Thursday, 14 March 2013

Session 8 - 14th March 2013

We began the session with a recap on the birds seen during our full day fieldtrip to Fairburn Ings RSPB last week, and a total of 57 species were agreed by the class as a whole.  Then Peter asked us to consider which places we would like to go to on our seven half day fieldtrips which make up next term.  A sheet was also given out for us to complete regarding topics we would like to cover in the next academic year.

The main focus of this session was on the second part of Bird Migration - the amazing statistics.  Migration is one of the most astonishing feats of the natural world with millions of birds migrating over long distances in order to benefit from seasonal resource surpluses and to avoid predators and competitors.

The scale of bird migration is difficult to comprehend - here is a rough estimate of the European population of common migratory species returning to Africa with their newly fledged juveniles each Autumn:

 Migrating Bird  Number (in millions) 
 Willow Warbler
 Sand Martin
 Tree Pipit
 Spotted Flycatcher
 Garden Warbler
 Lesser Whitethroat 
 Ortolan Bunting
 House Martin
 Yellow Wagtail
Pied Flycatcher

The above 16 species alone account for 3,300 million migrants going into Africa. On top of this another 50 species of songbirds go into Africa in varying numbers as well as about 40 million birds of prey, which are mainly falcons but with up to 1 million being Steppe Buzzards (Eastern Race). About 700,000 White Storks also leave Europe for Africa and small passerines including a huge number of Swifts also account for another 200 million birds.  In total therefore, around 500 million birds migrate to Africa each year and this excludes waders, sea birds and water birds.  This means that on average one bird from every five acres of Europe migrates there - phew!

The birds migrate on a broad front across 2,500 miles from Portugal to Eastern Turkey. 500 million migrants means 2 million birds per mile of coastline each autumn.  The main migration event lasts six weeks and that mean 50,000 birds cross each mile of coastline each night.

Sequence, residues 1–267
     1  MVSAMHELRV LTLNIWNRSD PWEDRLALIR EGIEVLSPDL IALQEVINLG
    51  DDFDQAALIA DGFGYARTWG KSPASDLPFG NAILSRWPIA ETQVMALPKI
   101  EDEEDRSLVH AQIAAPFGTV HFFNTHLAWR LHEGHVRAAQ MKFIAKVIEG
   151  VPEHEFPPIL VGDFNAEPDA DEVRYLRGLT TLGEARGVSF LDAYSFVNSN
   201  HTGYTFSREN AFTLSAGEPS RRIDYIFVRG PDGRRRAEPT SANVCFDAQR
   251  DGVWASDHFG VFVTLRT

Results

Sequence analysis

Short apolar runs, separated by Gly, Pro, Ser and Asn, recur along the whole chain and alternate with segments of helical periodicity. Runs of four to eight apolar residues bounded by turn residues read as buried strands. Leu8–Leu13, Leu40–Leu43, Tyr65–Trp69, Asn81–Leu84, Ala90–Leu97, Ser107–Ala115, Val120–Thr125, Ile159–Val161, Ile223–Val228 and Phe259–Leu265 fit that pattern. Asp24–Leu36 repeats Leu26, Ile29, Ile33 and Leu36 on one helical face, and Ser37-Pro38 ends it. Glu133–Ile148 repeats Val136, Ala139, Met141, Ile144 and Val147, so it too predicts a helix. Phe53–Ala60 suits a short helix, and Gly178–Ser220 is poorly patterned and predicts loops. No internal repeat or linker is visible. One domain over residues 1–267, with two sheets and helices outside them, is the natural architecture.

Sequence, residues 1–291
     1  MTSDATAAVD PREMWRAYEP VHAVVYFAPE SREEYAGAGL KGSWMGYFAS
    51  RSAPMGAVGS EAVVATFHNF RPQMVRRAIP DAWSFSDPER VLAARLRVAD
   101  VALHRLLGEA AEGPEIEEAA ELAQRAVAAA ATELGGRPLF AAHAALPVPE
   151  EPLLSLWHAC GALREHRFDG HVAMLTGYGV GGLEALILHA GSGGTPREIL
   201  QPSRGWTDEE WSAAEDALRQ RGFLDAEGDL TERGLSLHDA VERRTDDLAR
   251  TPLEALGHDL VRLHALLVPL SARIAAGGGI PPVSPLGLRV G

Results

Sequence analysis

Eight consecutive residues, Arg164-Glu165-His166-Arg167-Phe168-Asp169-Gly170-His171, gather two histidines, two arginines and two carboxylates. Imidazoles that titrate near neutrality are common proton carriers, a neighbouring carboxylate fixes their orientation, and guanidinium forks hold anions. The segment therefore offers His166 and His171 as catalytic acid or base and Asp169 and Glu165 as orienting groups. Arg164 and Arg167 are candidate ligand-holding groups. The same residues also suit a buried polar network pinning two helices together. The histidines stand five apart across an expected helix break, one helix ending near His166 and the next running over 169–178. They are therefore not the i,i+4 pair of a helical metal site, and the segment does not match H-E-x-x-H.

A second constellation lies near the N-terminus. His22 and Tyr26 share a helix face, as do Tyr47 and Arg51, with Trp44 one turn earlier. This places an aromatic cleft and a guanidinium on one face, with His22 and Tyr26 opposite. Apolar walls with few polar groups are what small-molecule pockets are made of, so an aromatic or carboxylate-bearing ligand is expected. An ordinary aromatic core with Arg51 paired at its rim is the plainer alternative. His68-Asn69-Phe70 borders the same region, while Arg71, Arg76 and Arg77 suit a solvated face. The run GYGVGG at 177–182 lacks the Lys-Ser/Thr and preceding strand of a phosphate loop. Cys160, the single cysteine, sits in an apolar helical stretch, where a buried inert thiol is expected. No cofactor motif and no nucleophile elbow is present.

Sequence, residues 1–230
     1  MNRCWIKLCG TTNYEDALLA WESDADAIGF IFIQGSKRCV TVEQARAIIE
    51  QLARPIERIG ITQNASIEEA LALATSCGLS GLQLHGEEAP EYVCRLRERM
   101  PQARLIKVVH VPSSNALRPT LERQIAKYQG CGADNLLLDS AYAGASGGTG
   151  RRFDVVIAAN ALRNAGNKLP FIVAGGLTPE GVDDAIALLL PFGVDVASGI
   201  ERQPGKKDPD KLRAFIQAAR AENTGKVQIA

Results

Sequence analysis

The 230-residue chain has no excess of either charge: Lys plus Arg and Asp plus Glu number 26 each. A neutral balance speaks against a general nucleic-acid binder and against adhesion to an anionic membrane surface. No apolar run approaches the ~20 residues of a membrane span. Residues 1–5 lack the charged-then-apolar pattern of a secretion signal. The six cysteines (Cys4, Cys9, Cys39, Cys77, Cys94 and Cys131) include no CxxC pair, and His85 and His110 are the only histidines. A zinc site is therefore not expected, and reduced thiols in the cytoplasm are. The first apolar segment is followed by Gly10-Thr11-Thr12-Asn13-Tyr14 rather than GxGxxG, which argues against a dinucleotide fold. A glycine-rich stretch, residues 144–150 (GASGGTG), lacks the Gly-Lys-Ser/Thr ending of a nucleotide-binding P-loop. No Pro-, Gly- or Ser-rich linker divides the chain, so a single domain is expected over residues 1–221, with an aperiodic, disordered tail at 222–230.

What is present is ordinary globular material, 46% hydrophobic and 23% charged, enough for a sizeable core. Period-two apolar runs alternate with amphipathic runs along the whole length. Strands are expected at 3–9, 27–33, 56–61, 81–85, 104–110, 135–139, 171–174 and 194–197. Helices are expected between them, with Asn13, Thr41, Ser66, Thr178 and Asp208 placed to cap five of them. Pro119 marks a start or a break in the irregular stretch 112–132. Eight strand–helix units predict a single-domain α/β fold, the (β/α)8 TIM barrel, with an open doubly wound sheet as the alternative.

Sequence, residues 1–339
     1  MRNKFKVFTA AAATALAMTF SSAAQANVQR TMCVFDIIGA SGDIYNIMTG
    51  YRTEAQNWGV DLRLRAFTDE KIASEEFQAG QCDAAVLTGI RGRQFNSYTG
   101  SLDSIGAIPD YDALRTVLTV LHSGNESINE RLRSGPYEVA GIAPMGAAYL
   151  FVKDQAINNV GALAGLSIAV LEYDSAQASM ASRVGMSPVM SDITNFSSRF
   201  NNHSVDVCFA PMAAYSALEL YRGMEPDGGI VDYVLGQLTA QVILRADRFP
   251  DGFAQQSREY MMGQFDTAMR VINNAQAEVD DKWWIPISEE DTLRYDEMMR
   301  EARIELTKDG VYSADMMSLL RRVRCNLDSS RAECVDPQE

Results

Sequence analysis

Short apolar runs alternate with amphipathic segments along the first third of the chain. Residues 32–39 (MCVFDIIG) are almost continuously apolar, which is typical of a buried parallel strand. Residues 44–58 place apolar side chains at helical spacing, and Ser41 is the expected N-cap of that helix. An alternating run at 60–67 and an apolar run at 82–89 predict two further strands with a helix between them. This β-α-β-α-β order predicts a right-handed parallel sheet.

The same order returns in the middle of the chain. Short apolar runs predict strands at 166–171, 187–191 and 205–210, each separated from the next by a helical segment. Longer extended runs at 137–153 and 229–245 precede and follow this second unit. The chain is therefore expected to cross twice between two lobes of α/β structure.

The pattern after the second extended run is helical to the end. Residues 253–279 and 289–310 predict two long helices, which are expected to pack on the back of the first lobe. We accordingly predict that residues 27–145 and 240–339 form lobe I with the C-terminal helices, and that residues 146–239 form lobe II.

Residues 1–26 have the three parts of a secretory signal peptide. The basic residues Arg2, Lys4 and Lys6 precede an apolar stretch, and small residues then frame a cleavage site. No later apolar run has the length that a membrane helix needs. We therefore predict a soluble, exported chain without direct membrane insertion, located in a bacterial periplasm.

We finished off this topic by looking at the migratory habits of some individual species including Robin, Chaffinch, Blackbird as well as what triggers migration and which time of day each species migrates.  We also briefly considered the migration routes for different types of birds, with large birds such a Cranes and some birds of prey not being able to sustain flapping flight choosing the path with the shortest area of water to cross, such as at Gibraltar or the east end of the Mediterranean Sea.

With spring nearly upon us, we next looked at the Raptors which are summer visitors (March to October) to Britain. In addition to the twelve winter Raptors discussed in a previous session, a further four are summer only visitors, with only the Marsh Harrier being either resident or migratory.  The four 'extra' birds are:
The best way to identify these summer Raptors is to familiarise ourselves with our common residents, so that differences can be identified.  The way a Buzzard or Harrier flies should be known as well as how the three resident falcons behave. It is only when the common birds can be confidently identified that the scarcer birds which are not seen all year round can be spotted.

The ability to differentiate between flying Buzzards and Harriers is vital and once this is learnt, we need to know which features separate our Common Buzzard from the Honey-buzzard in flight, and know how they hold their wings when soaring or gliding. The Honey Buzzard holds its wings very flat and it has a longer tail whereas the Common Buzzard's wings are held in a much deeper V shape and its tail length doesn't exceed its wing width.  The Honey Buzzard generally has three unevenly spaced dark bands underneath with a broad terminal band.

The Peregrine and Merlin are two falcons which chase birds and so they have broad based wings for power and fast flapping flight. The Kestrel however is a falcon which doesn't chase birds, preferring to eats voles and small rodents and so it drops on its prey from a height.  Its narrower pointed wings are built for hovering and its tail length is much longer as it is used for stability in the air.  The Hobby which eats both dragonflies and sometimes small birds also has narrow pointed wings.

We went on to look at Wykeham Forest which is a site in Yorkshire 10 miles east of Pickering on the road to Scarborough which is famed for its views of Goshawks and, from May to August, Honey Buzzards.  A map was given out as well as directions to the Forestry Commission's Raptor Viewpoint overlooking the keepered woods to the north of the viewpoint.  Goshawks can be seen all year round above the breeding wood but are best seen on calm sunny days from February to late April when they engage in their 'skydancing' breeding behaviour.

Summarise Yorkshire Post article on Goshawks and Honey Buzzards here ...

Our Bird in Focus this week was the Yellowhammer which was once a very common bird in Britain but which sadly is now in decline. We read through another article from Yorkshire Post ....

Male Kingfisher at Moore Nature Reserve - (c) Martyn Jones

Martyn then did his usual 'show and tell', with closeup photos of a male Kingfisher as well as female Reed Bunting that he just wanted confirming.  He also had some record shots of the hard to find female Lesser Spotted Woodpecker from Moore Nature Reserve in Warrington.

Finally some map and direction sheets were given out for Dunsop Bridge and Pendle Hill in Lancashire for those members of the class who wanted to go to look for Goshawks and Dotterel in these two places respectively.

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